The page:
|Searched for any mention on the cuba board and nothing so I am starting this thread.This mosquito borne disease seems to be becoming more of a concern in the Carribean since last December. My spouse was eaten alive in December for the first time in 10 years in Cuba. Developed some similar symptoms but never confirmed by blood test. I mentioned it a few times as she was being treated for a variety of symptoms but the doctor never thought to test. Doctors here may change that approach once it becomes more widespread. (I have no reason to think it won’t).
Even with mosquito repellant we seem to get the odd bite and can’t help but be concerned. No treatment and no cure, just suffer through it with potential long lasting effects. We’ve seen them fogging at the resorts but there are still skitters around.
|Thanks for posting about Chikungunya Lovecuba.Read about Chikungunya virus (CHIKV) in the Caribbean a few months ago and was wondering where Cuba is at in relation to the disease. Cuba is claiming 6 reported cases so far, all in Cuban travelers returning from Haiti and other off-island Caribbean destinations so no reported endemic CHIKV in Cuba so far.Some background info here;
CHIKV sounds like an ugly bug to pick up and has probably affected tourism to DR and other islands, I’ve gotten dengue in Mexico a couple of times and wouldn’t want to catch anything worse.
As of July 1, 2014
Thankfully I did not hear yet that someone got Chikungunya in Cuba. Have family living in Cuba and many friends. They have daily advertising on TV how to protect house and what to do regarding mosquitoes. There are inspectors who come and visit houses to make sure people do not have water around their houses and mosquito problems. Government try to help to reduce illnesses caused my mosquitoes in Cuba on daily basis.
| Thankfully I did not hear yet that someone got Chikungunya in Cuba. Have family living in Cuba and many friends. They have daily advertising on TV how to protect house and what to do regarding mosquitoes. There are inspectors who come and visit houses to make sure people do not have water around their houses and mosquito problems. Government try to help to reduce illnesses caused my mosquitoes in Cuba on daily basis.
If mosquito control is what we have to rely on to stop this or other mosquito borne diseases, in all honestly, I think we are toast. There are just too many natural places for them to breed, even with eliminating things like old tires, to a small metal dish or barrel. Just a matter of time I’m afraid. Hopefully the % of mosquitos carrying it will remain small. If it only takes one bite.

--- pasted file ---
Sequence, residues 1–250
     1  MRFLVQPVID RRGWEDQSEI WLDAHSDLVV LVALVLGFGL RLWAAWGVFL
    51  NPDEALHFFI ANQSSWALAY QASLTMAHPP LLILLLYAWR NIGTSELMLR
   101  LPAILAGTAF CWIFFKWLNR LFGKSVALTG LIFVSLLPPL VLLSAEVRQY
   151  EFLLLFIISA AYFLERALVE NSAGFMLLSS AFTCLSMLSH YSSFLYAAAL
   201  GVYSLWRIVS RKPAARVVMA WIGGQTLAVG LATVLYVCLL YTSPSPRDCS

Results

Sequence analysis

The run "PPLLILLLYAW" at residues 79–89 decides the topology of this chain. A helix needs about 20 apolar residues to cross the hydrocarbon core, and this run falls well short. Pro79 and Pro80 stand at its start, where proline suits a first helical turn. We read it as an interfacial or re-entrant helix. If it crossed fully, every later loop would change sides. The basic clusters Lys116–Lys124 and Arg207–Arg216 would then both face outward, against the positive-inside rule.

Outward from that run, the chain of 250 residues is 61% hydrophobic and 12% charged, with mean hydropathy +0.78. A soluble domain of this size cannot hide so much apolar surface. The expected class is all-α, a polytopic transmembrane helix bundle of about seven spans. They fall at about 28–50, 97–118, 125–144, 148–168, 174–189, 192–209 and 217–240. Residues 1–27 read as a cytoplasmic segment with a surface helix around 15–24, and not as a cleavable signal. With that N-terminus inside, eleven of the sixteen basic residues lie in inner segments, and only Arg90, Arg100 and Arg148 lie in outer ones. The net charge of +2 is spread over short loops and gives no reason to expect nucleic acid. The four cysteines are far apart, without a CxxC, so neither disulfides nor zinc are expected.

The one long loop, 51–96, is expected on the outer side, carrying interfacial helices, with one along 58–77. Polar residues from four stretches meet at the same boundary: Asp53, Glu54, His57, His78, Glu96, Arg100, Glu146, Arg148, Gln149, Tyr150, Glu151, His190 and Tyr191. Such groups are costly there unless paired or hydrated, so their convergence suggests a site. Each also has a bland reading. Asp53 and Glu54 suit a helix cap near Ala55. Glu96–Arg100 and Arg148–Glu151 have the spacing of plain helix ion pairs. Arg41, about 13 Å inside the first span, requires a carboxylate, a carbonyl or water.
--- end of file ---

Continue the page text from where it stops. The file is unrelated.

Hello lovecuba after you started this thread I was concerned and as I was in Cuba at that time so I decided to visit office of the officials in Cuba who are responsible for such epidemics. Office that I visited is called "Instituto Nacional de Higiene, Epidemiología y Microbiología" and I asked questions such as how many people got Chikungunya or Dengue in Cuba and what actions they do to stop it or prevent it? Answer was that they work fast on the requests of their citizens as well tourists who do complains about certain area and mosquito invasion. They go from home to home and do free fumigation of homes that complained. Fumigation is a method of pest control that completely fills an area with gaseous pesticides and doors and windows are closed for 30 min or more. They said as well that particularly Dengue was not reported in Cuba at all and like @flygt mentioned Chikungunya was reported a couple of cases and were people who traveled to Haiti. As I watched Cuban TV for a month I could see that they advertise on TV daily how to protect home and area around you and reduce number of the mosquitoes. Billions of birds, bats, spiders, fish, frogs and other insects would die of starvation if there is no mosquitoes. So I see here only option would be to develop vaccine against such desires. What do you think lovecuba what would be better solution?
|There are some experimental vaccines in the pipes. Now that Chickengunya has hit the Carribean, prob Mexico and recently reported LOCAL cases in Southern U.S. the economics (doesn’t everything come down to money) make it even more of an incentive to develop. As this spreads, in these tourist areas the alternative will be a reduction in tourism without a vaccine. Not everyone can tolerate things like DEET to protect themselves.The "Instituto Nacional de Higiene, Epidemiología y Microbiología" needs to visit Brisas S.M. and other areas because we were eaten alive in December…first time in 10 years that has happened. Clearly mosquito control is difficult, but if they are the carrier and they are that active, it will spread. (We saw fogging in February). Not trying to scare anyone away but if tourists are impacted in an area, that area’s economics/tourism will be impacted. We all know HOW to control them, but actually carrying it out is the hard part. All it takes is one pool of stagnant water for breeding, so I see it as virtually impossible to eliminate them. Good for the birds and bats, bad for us.
This is in no way isolated to Cuba, but all warmer climates, and even us in Canada if tourists bring it back, get bitten then that infected mosquito bites someone here who hasn’t even been to the Carribean. Now that would suck, getting it, but not even having had the chance to enjoy the Carribean experience!
|Here’s the latest CHIKV map from CDC
As of July 29, 2014
Looks to be spreading fairly quickly, hope we don’t see it in Canada.
Yesterday I decided to go hiking in Toronto area and I can just say that as soon as I went into woods mosquitoes were really attacking like they did not eat for many years. Hopefully we do not get it here in Canada as I see mosquitoes here much bigger and stronger.